Soon after I was taken to the Mother Baby Unit though, they brought her in and we attempted breastfeeding for the 2nd time.  It didn’t go very well because my sweet girl just wanted to sleep, and apparently on my chest was just as good a place as any.  The nurse was somewhat brusque and attempted to help with various suggestions but nothing really took.  Since I didn’t really know what I was doing either, we tried what we could until the next time, 2 hours later.  This began a very long, arduous attempt to breastfeed (more on that later).  As the nurses changed shifts, I got new suggestions and tips but nothing worked.  I started to feel desperate and begged to see a lactation consultant.  She finally came and encouraged me to pump frequently so my milk would come in faster and hopefully would encourage my girl to drink.  By the time we were discharged from the hospital we had had only minor success, but we were so in love with our girl, we knew we’d figure it out. 

Tuesday, July 23, 2013

If you've ever loved a dog...

          During our time at Ft. Gordon, Matt and I were enjoying every minute of being together.  Still coming off 2 deployments, we were so relieved to have a normal life.  We didn’t even feel like he was in the Army because his schedule consisted of such great hours.  The whole assignment felt surreal because we lived off post and didn’t have much connection to Army life, aside from a few friends who were also in the military.  It was such a nice break from the harsh lifestyle of rapid deployments.

Waiting to see Wicked in Ft. Lauderdale, FL
            However, just as we were starting to make future plans, our dog, Calvin, got very sick.  It’s not unusual for him to throw up or have an upset stomach because he gets into the trash and eats all sorts of things he’s not supposed to.  It was one of those times when he’d somehow gotten into the bathroom trash.  He threw up in the morning then several times that afternoon and evening.  Matt became concerned when he saw Calvin was throwing up undigested food.  We searched online for an emergency vet clinic and found one that seemed reputable.  Of course, it was late at night so that was our only option.

Amazing vet
            When we got there, they X-rayed Calvin believing he had some sort of blockage based on our description of what was happening.  When the results came back, they could not discern exactly what was going on but believed emergency surgery would be the best option.  We agreed and were anxious for him to be ok.  Unfortunately they wanted us to go home but promised to call when the surgery was over.  I had such a hard time leaving him there.  Without children of my own yet, he was my baby.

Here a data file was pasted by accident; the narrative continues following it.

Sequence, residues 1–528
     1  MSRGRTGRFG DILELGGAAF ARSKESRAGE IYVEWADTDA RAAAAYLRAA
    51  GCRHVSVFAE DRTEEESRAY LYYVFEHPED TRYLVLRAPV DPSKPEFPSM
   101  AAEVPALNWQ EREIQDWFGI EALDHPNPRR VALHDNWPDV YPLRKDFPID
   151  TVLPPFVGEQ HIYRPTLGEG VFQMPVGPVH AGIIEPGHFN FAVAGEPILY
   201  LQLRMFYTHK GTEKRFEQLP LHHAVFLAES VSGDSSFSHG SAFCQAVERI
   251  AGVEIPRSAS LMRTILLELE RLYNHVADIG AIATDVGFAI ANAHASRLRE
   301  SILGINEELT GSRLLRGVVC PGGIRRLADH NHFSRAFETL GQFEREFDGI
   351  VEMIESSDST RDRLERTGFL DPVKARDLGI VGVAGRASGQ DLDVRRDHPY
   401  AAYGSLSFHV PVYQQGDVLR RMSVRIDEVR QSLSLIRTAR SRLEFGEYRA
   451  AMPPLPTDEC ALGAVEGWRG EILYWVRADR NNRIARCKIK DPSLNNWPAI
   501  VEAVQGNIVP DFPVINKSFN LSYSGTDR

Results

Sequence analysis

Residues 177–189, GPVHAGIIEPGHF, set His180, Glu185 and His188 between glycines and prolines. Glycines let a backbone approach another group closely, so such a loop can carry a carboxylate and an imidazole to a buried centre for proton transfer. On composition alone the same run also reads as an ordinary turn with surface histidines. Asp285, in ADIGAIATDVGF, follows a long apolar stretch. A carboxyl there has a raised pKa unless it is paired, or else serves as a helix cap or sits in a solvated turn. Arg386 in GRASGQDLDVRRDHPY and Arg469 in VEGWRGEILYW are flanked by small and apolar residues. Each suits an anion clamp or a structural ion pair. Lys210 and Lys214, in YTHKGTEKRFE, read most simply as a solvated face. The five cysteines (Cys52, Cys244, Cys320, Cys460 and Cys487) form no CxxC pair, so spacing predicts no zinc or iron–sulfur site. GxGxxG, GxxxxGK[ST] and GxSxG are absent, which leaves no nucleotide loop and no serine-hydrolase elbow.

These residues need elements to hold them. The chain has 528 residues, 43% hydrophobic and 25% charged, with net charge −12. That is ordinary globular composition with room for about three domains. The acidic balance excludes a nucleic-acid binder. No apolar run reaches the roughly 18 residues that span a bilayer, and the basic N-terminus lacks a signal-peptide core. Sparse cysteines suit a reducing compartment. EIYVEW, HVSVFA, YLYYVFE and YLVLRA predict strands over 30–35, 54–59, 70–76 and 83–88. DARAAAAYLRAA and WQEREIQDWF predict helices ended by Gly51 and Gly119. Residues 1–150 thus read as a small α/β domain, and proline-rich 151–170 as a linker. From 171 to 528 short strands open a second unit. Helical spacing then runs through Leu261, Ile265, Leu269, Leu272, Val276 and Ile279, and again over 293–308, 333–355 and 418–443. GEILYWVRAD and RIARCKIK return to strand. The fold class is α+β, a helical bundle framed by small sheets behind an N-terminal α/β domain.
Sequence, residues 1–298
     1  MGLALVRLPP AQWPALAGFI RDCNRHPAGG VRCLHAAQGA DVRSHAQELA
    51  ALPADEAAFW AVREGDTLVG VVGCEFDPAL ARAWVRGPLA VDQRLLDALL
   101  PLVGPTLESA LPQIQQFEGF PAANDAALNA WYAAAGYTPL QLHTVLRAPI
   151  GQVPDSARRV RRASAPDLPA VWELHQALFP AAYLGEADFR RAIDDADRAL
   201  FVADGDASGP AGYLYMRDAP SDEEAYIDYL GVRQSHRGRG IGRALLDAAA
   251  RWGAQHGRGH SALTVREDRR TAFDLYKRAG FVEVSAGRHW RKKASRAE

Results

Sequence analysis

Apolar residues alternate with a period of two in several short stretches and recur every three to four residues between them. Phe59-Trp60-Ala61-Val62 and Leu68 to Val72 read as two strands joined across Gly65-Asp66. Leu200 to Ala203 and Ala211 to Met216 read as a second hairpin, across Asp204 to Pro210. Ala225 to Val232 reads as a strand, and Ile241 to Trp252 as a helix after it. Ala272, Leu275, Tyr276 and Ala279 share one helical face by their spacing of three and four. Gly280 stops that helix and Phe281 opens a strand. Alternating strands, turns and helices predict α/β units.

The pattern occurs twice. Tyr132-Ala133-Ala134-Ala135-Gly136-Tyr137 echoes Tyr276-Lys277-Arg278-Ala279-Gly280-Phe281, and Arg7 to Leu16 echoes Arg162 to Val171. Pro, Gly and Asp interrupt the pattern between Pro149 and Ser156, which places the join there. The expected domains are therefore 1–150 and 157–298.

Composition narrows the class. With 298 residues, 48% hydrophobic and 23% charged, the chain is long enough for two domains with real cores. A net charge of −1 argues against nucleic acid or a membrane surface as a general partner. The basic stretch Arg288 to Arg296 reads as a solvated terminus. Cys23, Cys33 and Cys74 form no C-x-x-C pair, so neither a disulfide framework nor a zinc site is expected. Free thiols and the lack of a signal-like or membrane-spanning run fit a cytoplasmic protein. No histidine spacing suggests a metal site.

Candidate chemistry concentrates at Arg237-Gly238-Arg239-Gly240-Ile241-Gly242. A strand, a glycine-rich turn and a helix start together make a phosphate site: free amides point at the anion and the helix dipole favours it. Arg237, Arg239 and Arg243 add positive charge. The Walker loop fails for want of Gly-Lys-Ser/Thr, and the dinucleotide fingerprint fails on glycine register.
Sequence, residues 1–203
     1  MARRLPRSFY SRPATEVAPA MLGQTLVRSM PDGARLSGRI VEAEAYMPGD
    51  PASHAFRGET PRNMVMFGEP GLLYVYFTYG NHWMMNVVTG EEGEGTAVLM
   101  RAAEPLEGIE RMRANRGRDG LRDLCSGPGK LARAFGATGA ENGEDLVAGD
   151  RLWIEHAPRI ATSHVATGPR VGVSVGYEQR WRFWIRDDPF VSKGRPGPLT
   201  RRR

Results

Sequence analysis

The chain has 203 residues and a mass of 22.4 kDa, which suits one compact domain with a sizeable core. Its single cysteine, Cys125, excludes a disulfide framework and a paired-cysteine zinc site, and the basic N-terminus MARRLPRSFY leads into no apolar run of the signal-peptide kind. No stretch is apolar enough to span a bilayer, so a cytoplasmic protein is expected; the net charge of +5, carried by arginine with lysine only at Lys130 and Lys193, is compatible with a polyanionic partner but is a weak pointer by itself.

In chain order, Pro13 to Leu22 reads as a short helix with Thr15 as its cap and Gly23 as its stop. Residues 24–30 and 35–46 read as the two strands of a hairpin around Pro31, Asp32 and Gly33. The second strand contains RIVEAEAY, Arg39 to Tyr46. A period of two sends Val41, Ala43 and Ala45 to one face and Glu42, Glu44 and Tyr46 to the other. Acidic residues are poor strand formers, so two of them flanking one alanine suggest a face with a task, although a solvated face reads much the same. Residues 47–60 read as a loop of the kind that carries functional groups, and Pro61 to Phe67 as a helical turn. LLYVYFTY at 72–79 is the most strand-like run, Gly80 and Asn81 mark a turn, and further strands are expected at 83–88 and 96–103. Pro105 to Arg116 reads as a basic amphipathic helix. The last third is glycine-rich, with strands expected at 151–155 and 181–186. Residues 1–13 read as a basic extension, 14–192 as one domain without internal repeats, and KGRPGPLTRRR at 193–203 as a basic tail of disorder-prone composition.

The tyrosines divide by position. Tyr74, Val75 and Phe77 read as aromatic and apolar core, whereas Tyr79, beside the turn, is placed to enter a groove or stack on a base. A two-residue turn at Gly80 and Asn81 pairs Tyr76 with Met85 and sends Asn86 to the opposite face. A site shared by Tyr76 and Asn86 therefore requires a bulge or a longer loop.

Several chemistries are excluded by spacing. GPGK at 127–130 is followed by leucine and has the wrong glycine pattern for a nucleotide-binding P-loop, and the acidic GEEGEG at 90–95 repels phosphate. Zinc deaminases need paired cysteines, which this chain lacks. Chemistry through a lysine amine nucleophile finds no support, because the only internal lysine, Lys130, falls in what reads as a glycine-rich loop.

Back at home, I couldn’t sleep.  I have found when I’m really stressed I have to keep my hands busy so I clean.  Eventually though, exhaustion won out, and I went to bed, making sure the phone was right beside me.

            Very early the next morning, the vet called to say Calvin did have a blockage which they were able to remove, but they also found a hematoma on his spleen.  They had to remove his entire spleen on the spot.  The doctor said they were sending it off to pathology, but that in many cases it is cancerous.  If that was the case, she said Calvin would only have a few months to live.  That’s all I heard.

So sad
            I couldn’t stop crying and begged God to spare Calvin’s life.  I had been so worried they were going to find something worse than the blockage, and now they probably had.  Not only that, but it was going to take a week to 10 days to find out, and Calvin would have to stay at the hospital for 2 days.

So hard to watch him suffer
            Thankfully, I was able to visit him.  He was such a sad sight, all hooked up to monitors and an IV.  He was very out of it.  I had never seen him like that.  I cried and just sat with him for several hours.  The vet on call that day encouraged me not to worry before I knew and that he himself was hopeful.  This helped me to just try to focus on the present and not worry about what might not be true.  If you know me at all, this is very hard for me!

            Finally Calvin was able to eat and drink on his own again, and we were able to take him home.  He had several staples so we had to monitor him closely.  He would still whimper in pain for a few days afterward, despite being on pain meds.  It broke my heart.  Not only was it hard to watch him suffer, but there was still the fear of the unknown.

            During that week or two, I stayed close to home, nursing Calvin back to health.  When the phone call finally came, I took a deep breath steeling myself for the worst.  But praise God!  Calvin did not have cancer and would be just fine.  I was so relieved!  I don’t think I’ve ever hugged that dog so hard in my life.  Soon the staples were removed, and he was back to his happy, hungry self.  I knew I couldn’t take him for granted again though.

            Calvin has been a tremendous blessing in my life.  We adopted him 2 months after we were married, and he has been a great source of comfort and company to me, especially during Ranger School and two deployments.  I truly believe the Lord uses Calvin in my life to show me unconditional love.

A few weeks post surgery...Halloween
            If you don’t have a dog or pet that you feel this strongly about, it probably seems strange that I would spend this long writing about my dog.  But as I said, he was my baby.  Much of my daily routines revolved around his walks and feeding times, especially when I wasn’t working.  That probably seems pathetic to some of you, but I believe the Lord gives us these animals to care for, knowing they will actually care for us.  There is no mistake to their presence in our lives.